Let's hope that we have seen the last of them, so that we can begin to focus on what needs improving or rethinking: better cooperation between intelligence services; improved border checks; a coordinated worldwide effort to cut off the financial sources of the Islamic State; expulse dangerous imams; find a way to prevent young people from joining IS through education, job programs, sports programs, etc.  The list is long and the need urgent.

And we're not finished. In neighboring Belgium the city of Brussels has just been put on the highest alert level on fears of a "serious and imminent terrorist attack". Recent police raids have resulted in numerous arrests, but fugitive Salah Abdeslam, one of the Paris attackers who managed to get back to Belgium, is still at large. It is thought that he is back in Brussels, where this weekend all cultural and sports events have been cancelled and the metro system closed.

Our gentle world has changed and our lights have temporarily dimmed, but give us time and they will burn bright again. We're all in this together. If we join our efforts, our hopes, our brain power and our determination, there is no reason why we cannot get rid of this rot, this cancer in our midst that is ISIS, and regain the peaceful existence we all deserve.

AUX ARMES CITOYENS!  The time has come to fight back for what we hold dear.

* Banner headline in the daily La Provence

Saturday, November 14, 2015


Last month, Provence Today was mum since I spent the entire month of October in the United States, totally disconnected from France. It was a disconnect but, inevitably, also a time of comparison between two worlds that function very differently.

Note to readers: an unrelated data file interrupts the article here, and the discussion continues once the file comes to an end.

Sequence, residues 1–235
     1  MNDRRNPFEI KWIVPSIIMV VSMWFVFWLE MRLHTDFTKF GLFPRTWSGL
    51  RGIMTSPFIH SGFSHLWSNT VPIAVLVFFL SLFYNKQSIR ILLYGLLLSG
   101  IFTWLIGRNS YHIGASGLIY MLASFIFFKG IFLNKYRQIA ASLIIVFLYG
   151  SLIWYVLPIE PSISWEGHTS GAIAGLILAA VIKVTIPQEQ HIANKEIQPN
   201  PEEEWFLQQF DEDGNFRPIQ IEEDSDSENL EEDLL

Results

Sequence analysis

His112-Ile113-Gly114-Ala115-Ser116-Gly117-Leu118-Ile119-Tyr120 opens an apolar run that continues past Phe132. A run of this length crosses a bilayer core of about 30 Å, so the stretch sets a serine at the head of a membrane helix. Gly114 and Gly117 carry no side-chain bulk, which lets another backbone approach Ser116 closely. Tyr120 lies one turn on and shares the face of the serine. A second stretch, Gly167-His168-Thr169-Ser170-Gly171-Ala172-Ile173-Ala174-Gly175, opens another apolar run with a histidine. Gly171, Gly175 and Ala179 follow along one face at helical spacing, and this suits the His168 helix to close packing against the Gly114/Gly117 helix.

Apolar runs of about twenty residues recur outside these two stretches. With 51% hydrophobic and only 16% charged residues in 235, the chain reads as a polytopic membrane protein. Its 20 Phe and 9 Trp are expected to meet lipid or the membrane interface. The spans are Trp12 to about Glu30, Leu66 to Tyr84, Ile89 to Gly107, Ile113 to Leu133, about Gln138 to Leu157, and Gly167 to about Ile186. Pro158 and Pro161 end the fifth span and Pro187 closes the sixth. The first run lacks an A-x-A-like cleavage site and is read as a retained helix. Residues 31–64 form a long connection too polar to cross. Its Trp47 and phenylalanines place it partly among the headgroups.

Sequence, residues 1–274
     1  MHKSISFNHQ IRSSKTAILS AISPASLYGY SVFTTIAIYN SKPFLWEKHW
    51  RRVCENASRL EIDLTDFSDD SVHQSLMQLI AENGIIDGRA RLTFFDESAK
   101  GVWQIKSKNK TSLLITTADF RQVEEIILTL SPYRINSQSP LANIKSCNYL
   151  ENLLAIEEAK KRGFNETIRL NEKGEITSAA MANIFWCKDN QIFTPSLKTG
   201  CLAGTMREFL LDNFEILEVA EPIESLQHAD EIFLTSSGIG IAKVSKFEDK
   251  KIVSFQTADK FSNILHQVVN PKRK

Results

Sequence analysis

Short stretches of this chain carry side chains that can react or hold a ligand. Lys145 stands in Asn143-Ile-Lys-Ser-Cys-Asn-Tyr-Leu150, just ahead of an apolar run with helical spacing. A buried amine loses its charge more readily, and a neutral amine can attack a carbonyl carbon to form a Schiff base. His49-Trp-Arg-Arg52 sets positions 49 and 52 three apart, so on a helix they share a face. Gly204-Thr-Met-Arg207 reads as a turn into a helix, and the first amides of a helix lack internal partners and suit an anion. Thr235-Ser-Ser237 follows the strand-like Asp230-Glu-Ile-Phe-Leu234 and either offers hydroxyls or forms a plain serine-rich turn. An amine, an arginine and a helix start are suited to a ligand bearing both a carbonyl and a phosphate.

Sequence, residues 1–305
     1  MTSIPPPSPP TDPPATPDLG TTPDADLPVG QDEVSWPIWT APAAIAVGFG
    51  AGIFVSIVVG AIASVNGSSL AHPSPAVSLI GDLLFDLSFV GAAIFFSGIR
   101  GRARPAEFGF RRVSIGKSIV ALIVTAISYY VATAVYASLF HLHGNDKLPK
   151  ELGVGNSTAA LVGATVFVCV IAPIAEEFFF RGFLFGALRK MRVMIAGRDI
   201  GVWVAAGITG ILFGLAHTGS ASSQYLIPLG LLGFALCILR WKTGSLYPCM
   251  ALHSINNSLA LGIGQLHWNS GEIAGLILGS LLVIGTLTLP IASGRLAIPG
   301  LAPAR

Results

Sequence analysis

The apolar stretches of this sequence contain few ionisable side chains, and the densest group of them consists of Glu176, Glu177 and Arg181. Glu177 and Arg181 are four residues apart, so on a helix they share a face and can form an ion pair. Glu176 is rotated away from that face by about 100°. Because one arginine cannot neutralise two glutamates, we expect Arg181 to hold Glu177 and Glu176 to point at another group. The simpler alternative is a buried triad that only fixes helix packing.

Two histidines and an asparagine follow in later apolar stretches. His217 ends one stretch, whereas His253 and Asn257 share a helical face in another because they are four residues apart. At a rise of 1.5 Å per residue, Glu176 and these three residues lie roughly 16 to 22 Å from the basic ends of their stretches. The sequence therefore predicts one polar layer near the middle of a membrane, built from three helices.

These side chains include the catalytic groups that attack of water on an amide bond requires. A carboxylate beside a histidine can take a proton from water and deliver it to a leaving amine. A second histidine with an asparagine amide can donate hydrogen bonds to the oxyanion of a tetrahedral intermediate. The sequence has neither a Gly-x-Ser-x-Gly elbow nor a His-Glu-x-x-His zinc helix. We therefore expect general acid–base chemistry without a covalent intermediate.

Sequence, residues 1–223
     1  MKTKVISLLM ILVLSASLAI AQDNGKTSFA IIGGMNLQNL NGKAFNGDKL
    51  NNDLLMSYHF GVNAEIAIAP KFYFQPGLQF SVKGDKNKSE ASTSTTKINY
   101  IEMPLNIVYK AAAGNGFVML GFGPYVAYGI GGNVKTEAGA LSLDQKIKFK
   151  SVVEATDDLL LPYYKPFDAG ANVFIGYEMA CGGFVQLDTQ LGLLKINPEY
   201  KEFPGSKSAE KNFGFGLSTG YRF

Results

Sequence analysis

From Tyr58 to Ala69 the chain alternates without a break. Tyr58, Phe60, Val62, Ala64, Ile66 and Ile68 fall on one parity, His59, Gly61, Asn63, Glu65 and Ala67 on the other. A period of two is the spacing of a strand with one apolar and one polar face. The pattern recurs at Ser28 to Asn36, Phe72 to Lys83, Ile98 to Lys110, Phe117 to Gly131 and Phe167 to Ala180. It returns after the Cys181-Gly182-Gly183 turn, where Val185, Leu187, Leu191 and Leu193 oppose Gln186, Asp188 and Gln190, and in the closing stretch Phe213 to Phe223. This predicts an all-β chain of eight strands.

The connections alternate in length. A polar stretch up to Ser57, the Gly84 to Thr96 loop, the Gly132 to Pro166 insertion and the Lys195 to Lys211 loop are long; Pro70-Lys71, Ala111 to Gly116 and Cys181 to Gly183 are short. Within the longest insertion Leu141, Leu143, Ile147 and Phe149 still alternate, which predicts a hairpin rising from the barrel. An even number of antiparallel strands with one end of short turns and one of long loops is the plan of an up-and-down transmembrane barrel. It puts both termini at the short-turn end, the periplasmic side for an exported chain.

World Trade Center 2015
On the one hand, the mighty UNITED STATES, richest country in the world (give or take a couple of oil-rich dictatorships), where a terrorist attack wiped out the proud twin towers of New York's financial heart in 2001, and where today an air of defiance hangs over the new One World Trade Center tower, tallest in the western hemisphere, higher and more beautiful than its predecessors. Opened to the public more than a year ago, One WTC, together with its moving Memorial and Museum, will soon be surrounded by five high-rise office buildings (two are still under construction) on the new 16-acre WTC site that fairly throbs with energy and vigor in that uniquely American can-do way.
Would this be possible in Europe? I wondered.

Or this:  American television programs are all interrupted by advertising. These commercials are a nuisance but something one gets used to. What struck me this time, however, was the incessant advertising of drugs and medical treatments, even in the printed press. "Ask your doctor," many of them say, which I suspect few people do given the expense of medical care in the US, a good part of which is no doubt caused by the vast amounts spent on pharmaceutical advertising.

Or this:  The televised presidential debates preceding next year's elections showed the usual verbal skirmishing and grandstanding only more so on the part of Donald Trump about a wide range of issues among which the two constants:  God and guns. Yes, God and guns, which no American presidential candidate can sidestep or ignore.

On the other hand, FRANCE: less energetic, more ponderous, more bureaucratic; more inclined to take the long-range view, less so to take risks. Also, more generous with its excellent universal health-care coverage and free education.

Two very different societies, each with their strengths and weaknesses and their mutually incomprehensible issues:
"Why can't America get a grip on its guns? Even if the Constitution grants this right, why do people feel the NEED, especially for assault weapons that don't serve for self defense?"
"Why is everything so COMPLICATED in France where unemployment remains high? Why can't people work on Sundays if they and their employers WANT to? And why does this lay country still celebrate half a dozen saints' days with official holidays?"  

No short answers to any of this, so let's move on.